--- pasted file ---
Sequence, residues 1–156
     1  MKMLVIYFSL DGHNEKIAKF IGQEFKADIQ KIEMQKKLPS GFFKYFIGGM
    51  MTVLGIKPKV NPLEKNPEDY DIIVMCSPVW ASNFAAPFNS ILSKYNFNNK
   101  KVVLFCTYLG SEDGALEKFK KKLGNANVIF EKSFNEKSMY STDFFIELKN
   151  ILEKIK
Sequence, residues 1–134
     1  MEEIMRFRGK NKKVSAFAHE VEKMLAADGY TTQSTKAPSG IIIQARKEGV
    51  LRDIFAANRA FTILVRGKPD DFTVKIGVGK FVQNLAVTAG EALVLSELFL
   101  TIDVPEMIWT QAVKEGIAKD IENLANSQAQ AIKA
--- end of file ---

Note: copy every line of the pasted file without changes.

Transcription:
Sequence, residues 1–156
     1  MKMLVIYFSL DGHNEKIAKF IGQEFKADIQ KIEMQKKLPS GFFKYFIGGM
    51  MTVLGIKPKV NPLEKNPEDY DIIVMCSPVW ASNFAAPFNS ILSKYNFNNK
   101  KVVLFCTYLG SEDGALEKFK KKLGNANVIF EKSFNEKSMY STDFFIELKN
   151  ILEKIK
Sequence, residues 1–134
     1  MEEIMRFRGK NKKVSAFAHE VEKMLAADGY TTQSTKAPSG IIIQARKEGV
    51  LRDIFAANRA FTILVRGKPD DFTVKIGVGK FVQNLAVTAG EALVLSELFL
   101  TIDVPEMIWT QAVKEGIAKD IENLANSQAQ AIKA